Deadly Medicine for the Bank Fund

The Federal Deposit Insurance Corp. wants to borrow quite a few billions of dollars from the Federal Reserve and pay the money back from future deposit insurance receipts.

Comptroller General Charles Bowsher says this borrowing will lead to a taxpayer bailout of the Bank Insurance Fund. FDIC Chairman L. William Seidman wisely stays away from the taxpayer bailout issue. He knows that he does not know and cannot know whether it will be necessary.

Congress could, however, make sure that taxpayers will have to bail out the bank fund.

For example, it could, as proposed, enact laws that reduce the future amount of insured deposits and the future riskiness of bank assets.

Cutting into the Base

But by reducing the amount of insured deposits, Congress would reduce the base against which the FDIC can levy premiums.

And by reducing the riskiness of banks' portfolios, Congress would cause banks to shrink. It would also reduce the maximum level at which insurance premiums can be set without exceeding a market rate.

Ironically, these actions will ineluctably reduce the future premiums available to the FDIC.

Thus, it appears that the solutions many sensible people advocate to redress the apparent riskiness of federal deposit insurance will, in practice, force taxpayers to pick up the tab for past mistakes.

But, my economist friends would say, if you continue to permit banks to engage in risky lending with insured funds gathered on the basis of underpriced deposit insurance, you will be throwing the dice to try to recoup what the FDIC lost on the last throw.

That, they might say, is the same as the weak thrift institutions gambling for salvation in the mid-1980s. The strategy is bound to lose - and to increase the cost. Therefore, you should ignore the potential taxpayer cost; it is a cost already incurred.

That free market counsel of despair is hard to deal with. If you throw the dice, you are as likely to lose as to win.

But is it really gambling to continue to give depositors insurance and permit banks to make loans? Why did the FDIC fund do just fine from 1933 to 1976?

Until the government promoted lending to lesser-developed countries, until inflation drove interest rates crazy, until real estate lending went on a binge, the insurance fund was adequate.

Indeed, only a few short years ago, the FDIC regularly rebated a part of its premiums because the fund was big enough and losses were minimal.

40 Years of Luck?

I reject the idea that the fund was lucky for more than 40 years and then got its natural comeuppance. The fact appears to be, rather, that technology changed the world, requiring interest rates to be deregulated, and banks and bank regulation did not keep pace.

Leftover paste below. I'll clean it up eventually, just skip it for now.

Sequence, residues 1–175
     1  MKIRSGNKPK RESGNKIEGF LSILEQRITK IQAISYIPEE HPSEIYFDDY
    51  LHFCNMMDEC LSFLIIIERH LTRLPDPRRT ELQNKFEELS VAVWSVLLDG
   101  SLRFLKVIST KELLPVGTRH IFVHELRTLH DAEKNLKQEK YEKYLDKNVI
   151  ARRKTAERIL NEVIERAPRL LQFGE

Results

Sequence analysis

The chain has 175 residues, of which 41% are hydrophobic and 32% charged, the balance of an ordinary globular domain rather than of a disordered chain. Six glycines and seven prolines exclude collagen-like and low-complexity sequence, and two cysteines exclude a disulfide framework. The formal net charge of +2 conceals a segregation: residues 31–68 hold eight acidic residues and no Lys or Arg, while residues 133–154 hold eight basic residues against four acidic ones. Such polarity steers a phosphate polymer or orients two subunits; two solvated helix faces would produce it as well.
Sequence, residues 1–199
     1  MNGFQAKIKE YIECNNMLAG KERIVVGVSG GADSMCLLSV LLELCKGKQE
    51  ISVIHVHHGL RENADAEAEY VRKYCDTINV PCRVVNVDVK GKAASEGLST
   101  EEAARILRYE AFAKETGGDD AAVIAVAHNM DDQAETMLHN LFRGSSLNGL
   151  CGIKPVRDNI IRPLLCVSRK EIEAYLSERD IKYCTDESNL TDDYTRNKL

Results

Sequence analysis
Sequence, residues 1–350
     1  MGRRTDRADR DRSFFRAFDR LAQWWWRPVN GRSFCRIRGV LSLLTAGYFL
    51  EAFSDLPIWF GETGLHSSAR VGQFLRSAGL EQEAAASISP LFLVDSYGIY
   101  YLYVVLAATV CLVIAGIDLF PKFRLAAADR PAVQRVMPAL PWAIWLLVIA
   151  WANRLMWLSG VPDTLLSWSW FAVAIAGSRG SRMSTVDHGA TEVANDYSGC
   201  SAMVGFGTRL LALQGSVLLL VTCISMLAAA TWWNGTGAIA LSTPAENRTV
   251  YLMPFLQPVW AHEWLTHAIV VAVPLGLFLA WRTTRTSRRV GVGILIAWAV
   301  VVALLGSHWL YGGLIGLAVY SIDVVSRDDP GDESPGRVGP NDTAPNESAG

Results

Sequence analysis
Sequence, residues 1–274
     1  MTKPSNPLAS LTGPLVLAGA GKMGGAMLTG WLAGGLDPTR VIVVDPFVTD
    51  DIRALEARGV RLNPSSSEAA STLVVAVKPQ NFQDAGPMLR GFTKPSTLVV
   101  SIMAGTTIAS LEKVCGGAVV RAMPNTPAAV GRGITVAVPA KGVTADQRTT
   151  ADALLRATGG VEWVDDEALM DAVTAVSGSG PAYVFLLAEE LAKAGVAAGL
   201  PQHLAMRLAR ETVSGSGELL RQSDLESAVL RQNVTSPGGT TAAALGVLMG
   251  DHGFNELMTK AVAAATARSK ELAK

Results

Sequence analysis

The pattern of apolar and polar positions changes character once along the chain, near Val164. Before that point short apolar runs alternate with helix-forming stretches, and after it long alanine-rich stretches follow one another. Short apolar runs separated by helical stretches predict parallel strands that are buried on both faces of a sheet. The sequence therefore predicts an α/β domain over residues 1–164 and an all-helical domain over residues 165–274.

The questions are: Now that we know this happened, can banks and the regulatory system catch up? What is the cost of catching up? Is that cost less than the existing overhang that the taxpayers would have to pick up? And what course of action would foster a banking system that is better for the U.S. economy?

I don't have all the answers to those questions. But here is what I suspect: The great technological leap forward has occurred. Its effects are still working through the system and technological changes will continue. But regulators no longer have to be behind the curve. (Watch out for all the off-balance-sheet shenanigans.) They can catch up, and the cost need not be great.

The banking system will continue to shrink relative to the financial sector generally - even if Congress doesn't try to make it shrink - because fewer loans need to be made by banks.

This process of shrinkage needs to be managed better than we have managed the changes in banking over the last 15 years. But we can manage it better if we gradually introduce market value accounting, put bank balance sheets on line to the regulators, establish good early warning mechanisms, encourage banks to become more efficient, and permit banks to become financial supermarkets.

If the banking system fades away for reasons of economic redundancy, so be it.

But there is no need to kill it. Instead, we should broaden banks' authority to sell consumer financial products so that consumer banks can offer people real efficiency.

And we should let business banks function like investment banks provided that, like investment banks, they mark their assets to market every day and maintain a low ratio of illiquid loans to assets.

The author is counsel to the law firm of Rosenman & Colin, New York, and the author of "High Rollers: Inside the Savings and Loan Debacle," to be published in the fall.

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